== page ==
Monday, April 13, 2009

Easter Sunday


A good day for the resurrection
a half-empty moon, white in
a crystal pool of blue, the tulip
bulbs snug in their new pots

Forty-two years ago you stood
in the pulpit at Kaitangata, miners,
farmers, wives in the Sunday best
& a sheepdog in the doorway.

You spoke of the stone rolled away
while distrust lurked in your heart
that still-thumping lump of muscle
that can weep tears at a sentimental

story, leap into the throat at
a horror movie, beat rapid with
joy or anticipation and has allowed
one to see the bloodshed down the years

May we have peace O Lord
but may it not come in our lifetime.
Humanity may have walked on that scarred
moon-face but we fail to control our own hearts.

So the poem’s seven years old and it’s forty-nine years since I preached in that South Otago pulpit. I stayed with a delightful farming family on Inchclutha Island.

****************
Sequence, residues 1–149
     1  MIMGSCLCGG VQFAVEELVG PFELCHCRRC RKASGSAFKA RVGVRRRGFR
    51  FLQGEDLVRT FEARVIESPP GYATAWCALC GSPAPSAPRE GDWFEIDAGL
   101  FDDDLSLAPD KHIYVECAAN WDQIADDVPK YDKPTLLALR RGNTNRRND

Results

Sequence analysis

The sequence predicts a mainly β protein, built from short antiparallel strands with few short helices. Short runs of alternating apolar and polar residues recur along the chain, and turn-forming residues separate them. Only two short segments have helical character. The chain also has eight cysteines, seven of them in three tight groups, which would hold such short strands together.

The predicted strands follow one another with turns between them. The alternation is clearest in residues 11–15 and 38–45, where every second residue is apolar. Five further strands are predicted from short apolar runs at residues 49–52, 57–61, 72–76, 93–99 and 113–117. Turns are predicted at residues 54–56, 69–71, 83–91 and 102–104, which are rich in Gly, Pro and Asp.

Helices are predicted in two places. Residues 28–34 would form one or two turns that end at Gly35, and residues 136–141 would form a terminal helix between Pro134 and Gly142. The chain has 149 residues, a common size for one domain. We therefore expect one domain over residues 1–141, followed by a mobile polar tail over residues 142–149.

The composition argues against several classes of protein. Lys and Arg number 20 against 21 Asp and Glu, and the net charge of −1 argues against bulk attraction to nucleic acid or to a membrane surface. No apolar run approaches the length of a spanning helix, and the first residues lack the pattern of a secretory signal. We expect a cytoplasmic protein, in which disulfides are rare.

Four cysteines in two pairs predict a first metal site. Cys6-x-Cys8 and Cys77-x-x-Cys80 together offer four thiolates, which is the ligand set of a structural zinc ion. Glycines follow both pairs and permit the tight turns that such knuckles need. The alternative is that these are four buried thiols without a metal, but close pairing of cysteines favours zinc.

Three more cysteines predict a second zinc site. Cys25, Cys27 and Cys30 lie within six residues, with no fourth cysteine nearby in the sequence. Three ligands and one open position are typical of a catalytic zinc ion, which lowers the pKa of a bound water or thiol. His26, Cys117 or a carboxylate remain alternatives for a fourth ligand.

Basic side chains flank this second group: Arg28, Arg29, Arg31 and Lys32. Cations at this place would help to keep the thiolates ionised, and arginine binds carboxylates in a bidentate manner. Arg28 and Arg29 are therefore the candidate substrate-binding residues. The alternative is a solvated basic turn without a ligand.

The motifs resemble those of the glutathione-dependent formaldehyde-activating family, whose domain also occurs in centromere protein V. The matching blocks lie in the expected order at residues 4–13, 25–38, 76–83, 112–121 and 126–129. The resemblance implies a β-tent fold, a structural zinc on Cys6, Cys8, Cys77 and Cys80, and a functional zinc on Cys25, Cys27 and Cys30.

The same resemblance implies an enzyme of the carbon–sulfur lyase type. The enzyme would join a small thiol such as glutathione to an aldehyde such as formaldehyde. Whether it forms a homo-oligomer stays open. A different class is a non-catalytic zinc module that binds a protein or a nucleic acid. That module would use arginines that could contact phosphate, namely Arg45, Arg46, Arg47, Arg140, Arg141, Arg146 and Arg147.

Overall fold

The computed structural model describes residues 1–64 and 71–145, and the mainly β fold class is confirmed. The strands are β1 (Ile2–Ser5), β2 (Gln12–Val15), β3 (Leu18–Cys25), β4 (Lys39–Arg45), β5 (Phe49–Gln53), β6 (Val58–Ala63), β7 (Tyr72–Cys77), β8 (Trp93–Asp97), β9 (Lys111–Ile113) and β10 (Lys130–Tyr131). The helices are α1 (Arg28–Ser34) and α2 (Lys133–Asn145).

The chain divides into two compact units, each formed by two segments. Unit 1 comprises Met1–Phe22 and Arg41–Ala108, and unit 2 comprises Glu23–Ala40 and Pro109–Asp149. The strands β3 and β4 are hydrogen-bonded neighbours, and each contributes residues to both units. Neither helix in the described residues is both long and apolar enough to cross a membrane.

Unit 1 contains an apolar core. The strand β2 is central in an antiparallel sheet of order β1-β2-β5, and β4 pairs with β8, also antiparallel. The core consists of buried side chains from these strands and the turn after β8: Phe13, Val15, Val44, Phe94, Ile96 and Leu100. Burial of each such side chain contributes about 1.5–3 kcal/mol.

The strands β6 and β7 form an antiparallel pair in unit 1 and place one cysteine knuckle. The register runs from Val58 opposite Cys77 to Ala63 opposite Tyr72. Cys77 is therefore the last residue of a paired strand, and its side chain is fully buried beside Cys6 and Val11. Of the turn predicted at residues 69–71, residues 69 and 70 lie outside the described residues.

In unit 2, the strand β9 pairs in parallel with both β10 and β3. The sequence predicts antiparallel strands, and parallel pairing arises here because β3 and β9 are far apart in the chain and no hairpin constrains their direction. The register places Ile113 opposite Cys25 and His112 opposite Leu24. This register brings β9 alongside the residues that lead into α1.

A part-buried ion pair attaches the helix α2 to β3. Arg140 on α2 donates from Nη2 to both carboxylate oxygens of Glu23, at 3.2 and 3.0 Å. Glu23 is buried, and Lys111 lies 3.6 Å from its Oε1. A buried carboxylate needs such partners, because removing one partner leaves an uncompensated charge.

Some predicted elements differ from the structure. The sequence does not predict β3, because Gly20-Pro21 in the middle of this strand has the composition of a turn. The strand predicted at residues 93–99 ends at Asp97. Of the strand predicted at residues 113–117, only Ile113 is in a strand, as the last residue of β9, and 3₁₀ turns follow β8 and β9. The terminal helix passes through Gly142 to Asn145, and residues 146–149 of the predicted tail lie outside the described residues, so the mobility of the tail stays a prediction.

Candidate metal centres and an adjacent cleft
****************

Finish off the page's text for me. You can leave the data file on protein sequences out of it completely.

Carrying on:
This morning we discussed a newspaper columnist’s use of the Easter theme. Anne produced a striking sentence. ‘God is a sort of celestial ACC.’ It fits the theme of my last stanza. Several people have criticised the poem’s message there. I argue it’s sound theology. St Augustine would agree, even if Calvin might not have. The doctrine of the ‘elect’ is a dangerous one.

It was the second-to-last time I lay preached before leaving Knox College. My faith had been steadily eroding before I went to Dunedin. I enjoyed preaching, the rituals, the authority, the music and the community. I consider I have a sympathetic ear and would have enjoyed the pastoral work. The theology proved the sticking point. Stevie Smith has a striking poem about ‘the beautiful lie’ It summed up my dilemma.

After Knox on a Teachers’ College trip to the West Coast I preached in Franz Josef Chapel – a striking setting - and while teaching at Morrinsville I lay-preached quite often. But my beliefs were ebbing. After I left there I accepted the label agnostic and there I have settled. I am now core in a very secular society. There are regrets and a vague hovering feeling that we’ve lost some glue for community. Or maybe in the past that was merely a fa├žade for abuse and unreported mayhem. Meanwhile the elect continue on their merry way.

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